Finding the right rehab facilities and therapists is imperative to stroke recovery. Stroke statistics show that experiencing a CVA is an important cause of disability with many survivors reporting difficulty performing basic activities of daily life. Rehabilitation will help stroke victims to become as independent as possible and attain the best possible quality of life.
What rehabilitation therapies are available for stroke?
Rehabilitation often consists of three main therapies which are physical, occupational, and speech therapy. Physical therapy helps a patient with balance, standing, walking, transitional movements and regaining strength. Occupational therapy helps a stroke victim regain their ability to perform activities of daily living (ADLs) such as feeding, grooming, bathing, toileting, and dressing. Occupational therapists also work to improve overall arm function and fine motor skills so survivors are able to perform their ADLs. Speech therapy focuses on improving speech, swallowing and cognitive deficits. For more information about the specific types of exercises provided during therapy, please visit the stroke rehab exercises page.
Which type of rehab facilities are best?
There are several types of facilities that offer stroke rehab. Initially, a patient will be in an acute hospital and may receive a few days of therapy while there. Once discharged from the hospital, one will have to decide what type of facility is best for them. Rehab options may include inpatient rehabilitation hospital, skilled nursing facility (SNF), long term acute care hospital (LTAC), home health, and outpatient rehab.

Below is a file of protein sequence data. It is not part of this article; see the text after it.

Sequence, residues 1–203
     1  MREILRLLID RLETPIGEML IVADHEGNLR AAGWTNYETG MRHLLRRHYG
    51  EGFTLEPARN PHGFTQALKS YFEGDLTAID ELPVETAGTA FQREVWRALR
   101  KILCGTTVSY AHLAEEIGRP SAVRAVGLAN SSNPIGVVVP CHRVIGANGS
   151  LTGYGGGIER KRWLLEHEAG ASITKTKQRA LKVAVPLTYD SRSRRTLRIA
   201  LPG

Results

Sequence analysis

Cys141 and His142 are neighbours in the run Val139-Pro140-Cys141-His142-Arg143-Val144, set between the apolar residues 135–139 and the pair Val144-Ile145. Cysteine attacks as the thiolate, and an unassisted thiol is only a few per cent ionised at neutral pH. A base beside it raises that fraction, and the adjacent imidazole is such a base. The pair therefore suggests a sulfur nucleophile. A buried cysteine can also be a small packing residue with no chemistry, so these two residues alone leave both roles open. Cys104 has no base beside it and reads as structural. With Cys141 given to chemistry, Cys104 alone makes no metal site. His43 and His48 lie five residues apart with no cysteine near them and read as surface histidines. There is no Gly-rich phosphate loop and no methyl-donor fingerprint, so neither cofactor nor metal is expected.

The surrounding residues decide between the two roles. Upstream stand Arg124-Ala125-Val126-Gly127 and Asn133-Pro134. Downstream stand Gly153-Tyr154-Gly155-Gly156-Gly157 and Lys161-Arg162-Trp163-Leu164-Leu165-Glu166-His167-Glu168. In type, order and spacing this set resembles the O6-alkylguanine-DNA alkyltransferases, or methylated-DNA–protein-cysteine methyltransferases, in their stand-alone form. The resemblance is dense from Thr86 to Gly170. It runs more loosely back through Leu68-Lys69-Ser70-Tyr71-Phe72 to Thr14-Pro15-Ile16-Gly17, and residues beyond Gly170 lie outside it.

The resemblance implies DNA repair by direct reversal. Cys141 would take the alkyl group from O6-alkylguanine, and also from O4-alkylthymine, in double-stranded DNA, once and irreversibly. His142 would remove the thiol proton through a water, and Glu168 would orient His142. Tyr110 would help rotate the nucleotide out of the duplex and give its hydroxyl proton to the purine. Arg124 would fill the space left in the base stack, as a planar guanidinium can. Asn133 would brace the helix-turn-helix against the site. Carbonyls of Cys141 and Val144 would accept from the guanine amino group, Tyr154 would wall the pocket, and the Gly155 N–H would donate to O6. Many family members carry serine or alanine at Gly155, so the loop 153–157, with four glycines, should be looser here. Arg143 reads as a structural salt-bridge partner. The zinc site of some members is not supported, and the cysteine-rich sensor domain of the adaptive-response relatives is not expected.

If a patient is having serious medical issues and needs extended medical care, they may be referred to a long term acute care hospital or LTAC. A LTAC specializes in caring for patients with serious medical problems. If a physician recommends a LTAC then the patient is not ready to transfer to other types of rehab facilities because these facilities will not be equipped to handle the serious medical issues that need to be addressed.
If a patient has poor endurance and cannot tolerate three or more hours of therapy each day, they may be referred to a skilled nursing facility (SNF). Fewer hours of therapy are offered at SNFs compared to outpatient and inpatient rehabilitation units. This may be an excellent choice for patients who have endurance issues.
The patient that has fair to good endurance but has moderate to severe physical and/or cognitive deficits will most likely be referred to an inpatient rehabilitation hospital. Patients stay in this type of facility usually for 2 to 3 weeks and participate in an intensive program of rehabilitation involving 3 hours of active therapy a day, 5-7 days a week. Inpatient rehab facilities offer a wide range of medical services, including physician supervision and therapists specializing in stroke rehabilitation.
The stroke patient with fewer physical and/or cognitive deficits may be referred to home health or outpatient rehabilitation. Home health is best for patients who are homebound and unable to travel to an outpatient facility. The therapy regimen at home may be intensive or less demanding depending on the stroke survivor's needs. Stroke therapy at an outpatient facility will involve traveling to the facility 2-3 days each week and taking part in hourly sessions with the physical therapist, occupational therapist or speech therapist as needed then returning home.